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Sun., Oct. 4
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Friction between law enforcement, private eyes is fiction, investigator says


“Forget it, Jake — it’s Chinatown.”

That famous line, uttered by one defeated private eye to another at the end of director Roman Polanski’s 1974 film “Chinatown,” is an important point in the popular conception of the private investigations business.

The phrase, ranked No. 74 on the American Film Institute’s “100 Years ... 100 Quotes” list, has become a plaint of sorts for the person who attempts to take on an institution in a confusing and unwinnable scenario. In this case, it’s a private investigator’s contentious relationship with law enforcement officials entangled in a web of money and power in pre-war Los Angeles.

But what is its connection to reality?

Private investigators interviewed by the Times, including Wayne W. Corsa — chief investigator with the Jefferson County district attorney’s office — said quarrelsome interactions between private detectives and local law enforcement are pure fiction.

“There’s a lot more accountability than people think,” said Mr. Corsa, a 33-year veteran of the state police.

Movies and books about the investigations business are “more about entertainment than education,” according to Mr. Corsa, who said he didn’t set out to be a police officer, but after several years on the job, it became a part of his personality.

“It’s like a lot of things. Your job becomes your life, and your life becomes your job. I don’t know if it’s a positive thing, but that’s the way it was for me,” said Mr. Corsa, whose sonorous Long Island baritone still persists despite decades living in upstate New York.

He said the fallibility of memory stands out in his line of work.

“I need to corroborate what you’ve said,” Mr. Corsa said. “It’s the nature of the business. ... I have to go back and investigate.”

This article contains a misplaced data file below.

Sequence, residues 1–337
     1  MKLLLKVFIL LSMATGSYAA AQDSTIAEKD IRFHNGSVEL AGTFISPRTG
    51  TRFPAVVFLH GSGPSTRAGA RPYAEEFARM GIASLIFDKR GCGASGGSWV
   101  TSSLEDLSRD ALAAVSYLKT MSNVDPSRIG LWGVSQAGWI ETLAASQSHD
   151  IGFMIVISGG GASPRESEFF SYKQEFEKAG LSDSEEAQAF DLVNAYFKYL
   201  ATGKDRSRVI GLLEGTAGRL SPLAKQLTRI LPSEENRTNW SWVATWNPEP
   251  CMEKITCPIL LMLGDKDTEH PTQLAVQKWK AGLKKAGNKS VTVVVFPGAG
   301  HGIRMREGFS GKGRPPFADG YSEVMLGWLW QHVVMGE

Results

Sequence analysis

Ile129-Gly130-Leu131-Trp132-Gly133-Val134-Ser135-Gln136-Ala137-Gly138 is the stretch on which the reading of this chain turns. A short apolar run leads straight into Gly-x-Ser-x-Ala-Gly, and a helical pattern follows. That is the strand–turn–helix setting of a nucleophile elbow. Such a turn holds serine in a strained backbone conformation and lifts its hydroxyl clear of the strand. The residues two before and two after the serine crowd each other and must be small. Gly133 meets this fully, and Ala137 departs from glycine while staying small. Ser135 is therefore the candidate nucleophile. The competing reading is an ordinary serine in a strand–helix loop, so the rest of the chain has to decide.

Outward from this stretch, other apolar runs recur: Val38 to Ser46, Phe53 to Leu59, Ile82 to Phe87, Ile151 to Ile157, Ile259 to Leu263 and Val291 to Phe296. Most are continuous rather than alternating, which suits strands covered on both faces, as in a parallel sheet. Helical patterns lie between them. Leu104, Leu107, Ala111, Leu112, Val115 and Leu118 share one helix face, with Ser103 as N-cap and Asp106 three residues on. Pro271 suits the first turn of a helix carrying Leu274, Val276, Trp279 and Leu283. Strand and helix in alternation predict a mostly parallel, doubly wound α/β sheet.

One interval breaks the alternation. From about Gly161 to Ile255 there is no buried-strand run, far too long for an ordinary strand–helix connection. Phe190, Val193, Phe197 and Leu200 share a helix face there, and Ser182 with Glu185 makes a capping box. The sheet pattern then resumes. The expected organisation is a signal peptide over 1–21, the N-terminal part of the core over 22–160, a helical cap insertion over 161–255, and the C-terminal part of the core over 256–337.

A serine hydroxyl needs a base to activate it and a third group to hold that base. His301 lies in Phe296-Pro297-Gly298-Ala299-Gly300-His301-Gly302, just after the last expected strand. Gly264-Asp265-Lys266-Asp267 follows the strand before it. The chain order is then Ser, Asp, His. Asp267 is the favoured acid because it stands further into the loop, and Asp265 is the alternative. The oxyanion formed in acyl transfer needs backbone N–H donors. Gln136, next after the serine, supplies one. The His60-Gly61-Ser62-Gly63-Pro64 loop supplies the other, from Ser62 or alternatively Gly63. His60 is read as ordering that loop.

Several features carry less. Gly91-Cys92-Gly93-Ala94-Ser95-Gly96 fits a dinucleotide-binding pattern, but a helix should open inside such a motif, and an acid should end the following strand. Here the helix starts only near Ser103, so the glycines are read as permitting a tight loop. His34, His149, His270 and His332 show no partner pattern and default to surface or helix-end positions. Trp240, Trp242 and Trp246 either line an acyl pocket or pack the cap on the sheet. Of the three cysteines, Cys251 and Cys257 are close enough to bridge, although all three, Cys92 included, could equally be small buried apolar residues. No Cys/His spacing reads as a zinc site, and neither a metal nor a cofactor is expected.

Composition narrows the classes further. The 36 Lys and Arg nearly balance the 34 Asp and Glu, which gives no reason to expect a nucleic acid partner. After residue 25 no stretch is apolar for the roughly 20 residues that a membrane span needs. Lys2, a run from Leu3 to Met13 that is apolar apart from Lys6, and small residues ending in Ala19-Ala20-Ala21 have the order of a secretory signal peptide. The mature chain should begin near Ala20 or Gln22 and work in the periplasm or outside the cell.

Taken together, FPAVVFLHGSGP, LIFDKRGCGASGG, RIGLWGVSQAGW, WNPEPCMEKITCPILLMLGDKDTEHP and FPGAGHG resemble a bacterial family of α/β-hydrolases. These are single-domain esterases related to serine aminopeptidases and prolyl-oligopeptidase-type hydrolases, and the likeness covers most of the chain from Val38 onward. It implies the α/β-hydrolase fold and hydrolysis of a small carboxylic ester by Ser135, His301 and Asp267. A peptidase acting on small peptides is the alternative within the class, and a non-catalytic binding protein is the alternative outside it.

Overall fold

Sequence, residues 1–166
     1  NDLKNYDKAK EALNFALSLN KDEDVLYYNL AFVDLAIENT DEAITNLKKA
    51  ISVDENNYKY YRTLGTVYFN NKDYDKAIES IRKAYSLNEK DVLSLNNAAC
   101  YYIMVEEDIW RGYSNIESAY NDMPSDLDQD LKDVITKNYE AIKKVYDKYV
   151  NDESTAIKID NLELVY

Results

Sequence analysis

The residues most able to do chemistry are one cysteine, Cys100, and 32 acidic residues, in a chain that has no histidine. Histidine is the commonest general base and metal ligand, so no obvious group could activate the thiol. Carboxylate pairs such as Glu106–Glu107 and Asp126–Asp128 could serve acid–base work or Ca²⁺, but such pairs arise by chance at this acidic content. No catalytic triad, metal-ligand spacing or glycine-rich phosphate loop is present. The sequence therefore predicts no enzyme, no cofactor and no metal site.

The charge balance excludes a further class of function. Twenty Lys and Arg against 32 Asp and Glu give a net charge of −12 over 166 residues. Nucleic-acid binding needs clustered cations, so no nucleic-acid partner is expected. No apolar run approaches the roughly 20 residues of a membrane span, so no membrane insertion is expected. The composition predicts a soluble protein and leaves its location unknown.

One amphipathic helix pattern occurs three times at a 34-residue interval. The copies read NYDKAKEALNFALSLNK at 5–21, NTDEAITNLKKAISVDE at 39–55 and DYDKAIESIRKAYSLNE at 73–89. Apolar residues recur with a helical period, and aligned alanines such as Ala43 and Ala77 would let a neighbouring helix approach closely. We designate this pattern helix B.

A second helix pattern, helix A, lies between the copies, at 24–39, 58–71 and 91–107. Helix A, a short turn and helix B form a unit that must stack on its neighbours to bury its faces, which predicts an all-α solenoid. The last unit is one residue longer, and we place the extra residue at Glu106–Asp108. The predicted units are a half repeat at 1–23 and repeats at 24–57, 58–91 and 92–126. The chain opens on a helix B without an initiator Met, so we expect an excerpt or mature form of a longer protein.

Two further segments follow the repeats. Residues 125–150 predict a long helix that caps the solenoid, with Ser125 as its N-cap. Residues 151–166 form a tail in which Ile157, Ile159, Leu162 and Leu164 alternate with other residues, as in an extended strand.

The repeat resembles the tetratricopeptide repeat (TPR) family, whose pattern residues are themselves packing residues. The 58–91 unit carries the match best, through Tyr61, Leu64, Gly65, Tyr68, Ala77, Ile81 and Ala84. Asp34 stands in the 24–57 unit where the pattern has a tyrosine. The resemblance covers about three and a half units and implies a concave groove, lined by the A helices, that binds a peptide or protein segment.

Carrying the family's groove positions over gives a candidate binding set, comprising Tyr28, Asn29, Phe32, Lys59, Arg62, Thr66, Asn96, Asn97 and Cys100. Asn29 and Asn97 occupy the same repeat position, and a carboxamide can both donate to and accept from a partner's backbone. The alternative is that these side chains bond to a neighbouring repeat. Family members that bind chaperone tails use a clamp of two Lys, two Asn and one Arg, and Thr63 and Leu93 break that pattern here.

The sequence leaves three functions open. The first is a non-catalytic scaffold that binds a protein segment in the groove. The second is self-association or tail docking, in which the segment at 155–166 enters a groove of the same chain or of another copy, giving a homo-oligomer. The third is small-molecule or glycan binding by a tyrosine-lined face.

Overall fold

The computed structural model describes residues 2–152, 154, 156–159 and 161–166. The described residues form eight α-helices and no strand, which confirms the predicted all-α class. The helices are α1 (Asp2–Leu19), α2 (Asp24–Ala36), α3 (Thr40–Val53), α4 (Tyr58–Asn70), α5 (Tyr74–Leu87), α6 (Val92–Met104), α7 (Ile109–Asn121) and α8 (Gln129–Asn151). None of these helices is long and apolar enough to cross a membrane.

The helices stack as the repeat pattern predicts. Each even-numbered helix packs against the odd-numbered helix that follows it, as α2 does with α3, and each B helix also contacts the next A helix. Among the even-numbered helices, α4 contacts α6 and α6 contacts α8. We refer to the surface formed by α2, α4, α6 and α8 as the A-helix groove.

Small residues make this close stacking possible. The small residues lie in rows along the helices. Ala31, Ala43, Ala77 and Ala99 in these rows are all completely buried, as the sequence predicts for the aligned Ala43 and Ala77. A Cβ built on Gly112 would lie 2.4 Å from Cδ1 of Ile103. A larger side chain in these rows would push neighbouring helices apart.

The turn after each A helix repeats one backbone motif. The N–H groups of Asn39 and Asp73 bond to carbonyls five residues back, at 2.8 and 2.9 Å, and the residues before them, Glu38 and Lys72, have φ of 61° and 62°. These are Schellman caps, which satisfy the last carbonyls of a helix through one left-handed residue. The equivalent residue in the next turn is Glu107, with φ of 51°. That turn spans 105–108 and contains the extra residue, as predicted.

famous works
Some influential novels, short stories and movies about private detectives:
• “The Murders in the Rue Morgue” by Edgar Allan Poe (often cited as the first detective story), featuring detective C. Auguste Dupin, 1841
nThe Sherlock Holmes series by Sir Arthur Conan Doyle, including “The Hound of the Baskervilles,” 1902
• “The Maltese Falcon” by Dashiell Hammett, featuring Sam Spade, 1930
• “Murder on the Orient Express” by Agatha Christie, featuring Hercule Poirot, 1933
• “The Big Sleep” by Raymond Chandler, featuring Philip Marlowe, 1939
• “The Godwulf Manuscript,” “God Save the Child” and “Mortal Stakes,” all by Robert B. Parker, featuring Spenser, 1973-1975

• “Double Indemnity,” 1944, directed by Billy Wilder, featuring Walter Neff (played by Fred MacMurray) and Phyllis Dietrichson (Barbara Stanwyck)
n“Vertigo,” 1958, directed by Alfred Hitchcock, featuring John “Scottie” Ferguson (James Stewart) and Madeleine Elster/Judy Barton (Kim Novak)
• “Chinatown,” 1974, directed by Roman Polanski, featuring J.J. “Jake” Gittes (Jack Nicholson) and Evelyn Mulwray (Faye Dunaway)
• “The Big Lebowski,” 1998, directed by Joel and Ethan Coen, featuring Jeffrey “The Dude” Lebowski (Jeff Bridges) and Maude Lebowski (Julianne Moore)
• “Brick,” 2005, directed by Rian Johnson, featuring Brendan (Joseph Gordon-Levitt) and Laura (Nora Zehetner)
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